Last year, I wrote a post about the 19 Must-Haves for College Apartments. It continues to be my post popular post on my blog. As we get into the back-to-school season, I wanted to share some more tips on packing for college, whether you are moving into a dorm for the first time or your very first apartment. This is your simplified packing guide on what not to bring to college. Lighten your load and transform your college dorm into your dream room!
1. Rain Boots
One thing I learned from friends a couple years older than me is that college is the time to buy and use rain boots. Depending on your campus, you may have to deal with walking a lot in the rain and perhaps through large puddles. However, I never liked the feeling of wearing rain boots since they were large, rubbery and a bit uncomfortable. Because I wasn’t used to wearing them, they stayed in my closet even on rainy days. I would choose running shoes or more durable shoes instead. Rain boots also take up a lot of closet space, so depending on the weather, your campus and if you walk a lot, you may leave these at home!
2. High School T-shirts
Keep the t-shirts to a minimum. Maybe pack a couple of your all-time favorites and a couple to sleep in for the first week. Know that you will receive stacks of t-shirts your freshman year. Many will be free, but you may want to purchase some from various organizations you join too.
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3. Large Appliances
Freshman year, I thought I could use a quesadilla maker in my small kitchen at school, but I never had any time to cook while living in a dorm. If you are living in an apartment or a space that has a kitchen, evaluate appliances by how often you use them. Appliances made to cook one type of food (i.e. quesadilla maker, popcorn maker, etc.) are probably not worth it. I chose to bring a blender for smoothies, drinks and soups, and in my apartment, we had a toaster oven, coffee maker and different kitchen tools.College Students: It's not about what you pack, it's what you don't pack! Simplify your packing list… Click To Tweet
4. Your DVD/CD/Magazine Collection
I remember bringing my favorite movies to college sophomore year, and I never once watched them. Netflix is your best friend in college, even when watching with your roommates those late nights. Items like DVDs, CDs, boardgames, etc. take up space in your room, and you will probably be focused on other school or social activities most of your time.
5. Ironing Board & Iron
I used an iron in college probably four times over four years. The lesson? You can pop your clothes in the dryer for a couple extra seconds, use a hair dryer or buy this steamer to quickly make your clothes wrinkle-free. The iron & ironing board combo is a no go.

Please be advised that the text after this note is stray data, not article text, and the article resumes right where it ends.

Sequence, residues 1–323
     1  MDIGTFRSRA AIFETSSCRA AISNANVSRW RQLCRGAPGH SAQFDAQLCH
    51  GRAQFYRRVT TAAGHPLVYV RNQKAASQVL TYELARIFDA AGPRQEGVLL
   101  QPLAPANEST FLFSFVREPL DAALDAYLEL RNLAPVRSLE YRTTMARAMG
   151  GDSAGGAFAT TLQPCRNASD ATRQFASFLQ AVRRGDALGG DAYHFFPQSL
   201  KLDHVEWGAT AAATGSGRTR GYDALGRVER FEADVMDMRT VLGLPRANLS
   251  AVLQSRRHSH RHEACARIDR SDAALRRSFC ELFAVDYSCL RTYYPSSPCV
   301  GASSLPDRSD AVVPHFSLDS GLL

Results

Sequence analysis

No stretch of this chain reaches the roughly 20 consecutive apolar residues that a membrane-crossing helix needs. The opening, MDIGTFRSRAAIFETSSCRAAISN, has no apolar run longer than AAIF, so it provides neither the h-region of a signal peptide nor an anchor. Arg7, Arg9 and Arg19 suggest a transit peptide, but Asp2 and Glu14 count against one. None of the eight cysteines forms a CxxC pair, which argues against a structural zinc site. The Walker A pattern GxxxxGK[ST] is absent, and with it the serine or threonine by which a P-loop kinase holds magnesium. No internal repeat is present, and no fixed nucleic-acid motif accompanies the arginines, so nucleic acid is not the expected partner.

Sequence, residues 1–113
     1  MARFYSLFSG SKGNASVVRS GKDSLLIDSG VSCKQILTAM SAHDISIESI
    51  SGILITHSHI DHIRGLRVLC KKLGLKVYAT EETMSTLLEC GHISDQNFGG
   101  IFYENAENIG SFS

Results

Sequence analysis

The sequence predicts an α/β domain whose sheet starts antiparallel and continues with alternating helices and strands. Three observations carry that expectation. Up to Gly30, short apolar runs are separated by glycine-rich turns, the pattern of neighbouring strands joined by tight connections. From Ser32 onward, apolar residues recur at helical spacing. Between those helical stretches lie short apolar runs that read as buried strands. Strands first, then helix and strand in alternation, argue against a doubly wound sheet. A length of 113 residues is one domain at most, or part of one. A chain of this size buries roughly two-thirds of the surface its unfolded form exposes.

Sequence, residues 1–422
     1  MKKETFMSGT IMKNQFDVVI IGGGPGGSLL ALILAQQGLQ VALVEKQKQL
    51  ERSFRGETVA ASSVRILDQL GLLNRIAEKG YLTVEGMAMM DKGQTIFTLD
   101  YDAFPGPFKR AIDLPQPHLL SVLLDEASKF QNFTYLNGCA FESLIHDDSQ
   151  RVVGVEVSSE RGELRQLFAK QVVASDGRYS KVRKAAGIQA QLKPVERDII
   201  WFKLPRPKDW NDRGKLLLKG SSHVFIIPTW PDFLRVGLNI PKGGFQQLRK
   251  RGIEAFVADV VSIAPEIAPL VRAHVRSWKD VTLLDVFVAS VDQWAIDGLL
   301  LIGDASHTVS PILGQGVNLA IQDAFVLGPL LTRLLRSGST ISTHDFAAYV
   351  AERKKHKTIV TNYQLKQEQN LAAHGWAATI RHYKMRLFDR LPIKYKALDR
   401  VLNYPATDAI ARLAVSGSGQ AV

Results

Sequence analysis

For the most part, everyone used towels in college instead of bathrobes. I bought one before my freshman year, thinking it would come in handy. I don’t remember using it too often, and it was one of those random college things that took up space. Instead of a bathrobe, invest in your towels and make sure you have a shower caddy for the dorms or suites you will live in.
To break the trend, an ottoman is something I did not buy for college, and I stand by this decision. While they look cute and trendy for dorm rooms, they do take up space. Most of the time, we didn’t need extra seating in a dorm room that an ottoman would provide, and the amount of storage space within them wasn’t adequate. Opt for investing in good, quality storage bins or drawers to keep your school supplies, food, dorm supplies and personal items.Going to college? Here's a list of what NOT to bring with you! Click To Tweet
8. A Printer
Definitely check with your school before bringing a printer with you to college. For me, I didn’t use a personal printer from sophomore to senior year because I had printing dollars to use from my university and the school printers were reliable the majority of the time. If upperclassmen recommend bringing a printer to school, definitely coordinate with your roommate. But if you can save the space (and the money on ink!), that’s a win-win!
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9. Bed Risers
A lot of times universities provide bed risers in the residence halls for students to loft their beds. Often purchasing your own is not necessary and may not fit with the framework of the bed. Get in touch with the residence life office at your university to double check.
What are your packing tips for college? For many, it’s the first big move away from home and it takes some careful thought and consideration on what to bring and what not to bring. How do you simplify your packing routine?